New leadership team comes to WMS

Experienced educators in new roles

Washington Middle School is under new leadership for the 2016-17 school year.

Principal Stephanie Landreman joined the staff in June, replacing Lou Hobyan, who retired, and Tony Logue was named the assistant principal/curriculum director last month after Lucas Cromell resigned.

“We’ll make a really good team,” Landreman said Aug. 31, the day before school opened. “Together, and with the rest of our staff, we can move mountains.”

Logue said he and Landreman had developed a synergy in just the few short weeks they’ve known each other.

“We’re both very student-centered. We’re both big on building relationships. We’re both a little bit goofy,” he said.

Landreman, previously a teacher and dean of students for the Seymour Community School District, said she was familiar with Oconto Falls because both school districts compete in the North Eastern Conference.

“It’s a beautiful area, and I could get the sense it’s a close-knit community, and that’s important to me,” she said.

Landreman said she will work toward positive change for the school’s 370 students and 40 staffers and wants the students, parents and the community to be involved.

“They’re welcome here,” she said. “We want to work together with their kids to help them succeed.”

Landreman, of Kimberly, said she views the start of the school year as an opportunity to build relationships with students and help them to succeed.

“Middle school is my passion. It’s where my heart is,” she said.

She said she loves the stages the kids go through during their middle school years.

“It’s really fun to be able to be by their side through those changes, help them navigate through and become young adults,” she said.

Logue described middle schoolers as a fun age because they want to learn.

“They’re very moldable. They listen, they watch. They’re very perceptive to everything,” he said. “They’re growing up, yet they’re still young. I really enjoy getting to know and interacting with these kids.”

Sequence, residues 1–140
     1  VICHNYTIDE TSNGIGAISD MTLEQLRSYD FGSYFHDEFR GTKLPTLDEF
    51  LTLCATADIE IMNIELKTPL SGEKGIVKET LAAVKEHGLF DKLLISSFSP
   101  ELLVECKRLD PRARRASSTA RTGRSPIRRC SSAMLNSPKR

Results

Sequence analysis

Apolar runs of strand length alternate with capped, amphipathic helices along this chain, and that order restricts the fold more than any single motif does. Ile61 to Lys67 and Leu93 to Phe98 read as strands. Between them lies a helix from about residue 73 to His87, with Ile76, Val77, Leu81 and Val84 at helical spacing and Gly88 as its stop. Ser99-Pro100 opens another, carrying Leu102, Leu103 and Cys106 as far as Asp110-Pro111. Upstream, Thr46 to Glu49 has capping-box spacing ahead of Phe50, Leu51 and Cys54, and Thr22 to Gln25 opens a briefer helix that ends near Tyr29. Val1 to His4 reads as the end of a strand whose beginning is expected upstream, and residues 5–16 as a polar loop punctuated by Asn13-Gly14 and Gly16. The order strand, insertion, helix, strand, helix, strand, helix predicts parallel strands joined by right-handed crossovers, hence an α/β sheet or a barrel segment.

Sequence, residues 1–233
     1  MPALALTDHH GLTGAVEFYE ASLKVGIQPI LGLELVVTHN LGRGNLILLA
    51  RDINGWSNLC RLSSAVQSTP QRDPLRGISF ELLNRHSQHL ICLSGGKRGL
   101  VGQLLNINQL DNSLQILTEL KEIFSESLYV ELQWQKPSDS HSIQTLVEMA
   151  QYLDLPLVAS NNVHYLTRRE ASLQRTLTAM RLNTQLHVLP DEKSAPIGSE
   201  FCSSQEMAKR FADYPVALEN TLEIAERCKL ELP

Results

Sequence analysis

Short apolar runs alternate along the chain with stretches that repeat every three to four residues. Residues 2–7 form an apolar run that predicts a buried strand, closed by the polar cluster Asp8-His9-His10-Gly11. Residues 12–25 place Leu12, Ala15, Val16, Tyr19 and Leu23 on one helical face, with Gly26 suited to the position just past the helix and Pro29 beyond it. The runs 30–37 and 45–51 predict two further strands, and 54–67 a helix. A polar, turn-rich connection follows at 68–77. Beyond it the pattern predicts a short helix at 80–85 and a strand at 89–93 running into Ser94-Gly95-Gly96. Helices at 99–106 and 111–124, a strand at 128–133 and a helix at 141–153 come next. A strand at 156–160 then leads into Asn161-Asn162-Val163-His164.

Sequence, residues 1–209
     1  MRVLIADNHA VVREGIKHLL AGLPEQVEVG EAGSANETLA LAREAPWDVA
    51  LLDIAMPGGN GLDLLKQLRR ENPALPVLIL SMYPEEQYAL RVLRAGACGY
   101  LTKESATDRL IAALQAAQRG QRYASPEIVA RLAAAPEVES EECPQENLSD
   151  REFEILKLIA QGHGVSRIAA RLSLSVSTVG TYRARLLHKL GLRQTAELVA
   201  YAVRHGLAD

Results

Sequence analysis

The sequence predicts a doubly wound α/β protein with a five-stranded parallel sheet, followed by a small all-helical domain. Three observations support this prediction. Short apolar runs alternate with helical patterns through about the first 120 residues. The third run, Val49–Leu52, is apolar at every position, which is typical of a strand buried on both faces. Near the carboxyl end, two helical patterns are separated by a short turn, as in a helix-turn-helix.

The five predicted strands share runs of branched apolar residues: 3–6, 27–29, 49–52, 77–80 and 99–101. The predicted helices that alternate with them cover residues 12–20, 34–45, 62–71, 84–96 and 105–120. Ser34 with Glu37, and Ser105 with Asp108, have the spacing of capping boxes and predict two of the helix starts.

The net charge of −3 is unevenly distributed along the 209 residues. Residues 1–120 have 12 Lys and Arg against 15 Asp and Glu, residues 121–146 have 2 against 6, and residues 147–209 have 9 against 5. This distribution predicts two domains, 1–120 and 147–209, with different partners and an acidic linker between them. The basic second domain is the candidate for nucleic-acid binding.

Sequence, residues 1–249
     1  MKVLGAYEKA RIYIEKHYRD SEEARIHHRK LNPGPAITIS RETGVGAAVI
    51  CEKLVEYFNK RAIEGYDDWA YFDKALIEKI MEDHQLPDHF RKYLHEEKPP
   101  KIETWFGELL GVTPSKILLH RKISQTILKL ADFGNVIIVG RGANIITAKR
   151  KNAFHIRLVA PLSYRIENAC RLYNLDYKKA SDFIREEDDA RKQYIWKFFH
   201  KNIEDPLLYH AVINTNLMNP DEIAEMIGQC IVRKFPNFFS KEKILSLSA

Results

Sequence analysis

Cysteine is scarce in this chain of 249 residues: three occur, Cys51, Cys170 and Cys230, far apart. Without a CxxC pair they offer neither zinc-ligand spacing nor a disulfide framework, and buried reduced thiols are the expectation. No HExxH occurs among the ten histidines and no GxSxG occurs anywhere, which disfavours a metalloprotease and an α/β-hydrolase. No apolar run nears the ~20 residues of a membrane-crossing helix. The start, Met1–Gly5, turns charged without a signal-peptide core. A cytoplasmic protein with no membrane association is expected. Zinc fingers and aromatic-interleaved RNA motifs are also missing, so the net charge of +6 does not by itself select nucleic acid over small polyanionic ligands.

After nearly 20 years as a middle school teacher at Pulaski Community Middle School, Logue said he was excited to take the step into administration. Though this is his first formal role as a school administrator, he has been involved in administrative-type duties as a teacher, especially in the area of discipline.

His duties as the curriculum director for the district are still evolving.

“Curriculum is very intriguing to me, so it will be interesting to see where this job goes,” he said.

In Pulaski, Logue primarily taught seventh- and eighth-grade students, most recently eighth-grade social studies, and previously taught reading and language arts.

Besides his work as a teacher, Logue also has experience as a middle school and high school coach. For the past three years, he has coached the varsity baseball team for the Pulaski Community School District. He has also coached varsity football, youth sports, and girls and boys middle school basketball. In order to devote time to his new role at WMS, he doesn’t plan to coach in Oconto Falls this year.

His wife, Kelly, is a physical education and health teacher at Pulaski Community Middle School. The couple lives in Suamico with their three school-aged daughters.

“A lot of my hobbies revolve around my family,” Logue said. “Our kids are involved in so many things. I really enjoy being with my family.”

One of the family’s projects is Team Teddy, a foundation Kelly Logue started that brings teddy bear-making experiences to kids who are hospitalized.

Landreman, in her free time, likes to read and spend time at the cottage with her family. She also competes in triathlons, having completed over 30 in the past eight years. She said nothing feels as good as crossing the finish line, yet she also enjoys the training.

“I like the challenge of training because there’s a mental and emotional aspect to it that challenges me in all areas to be better,” she said.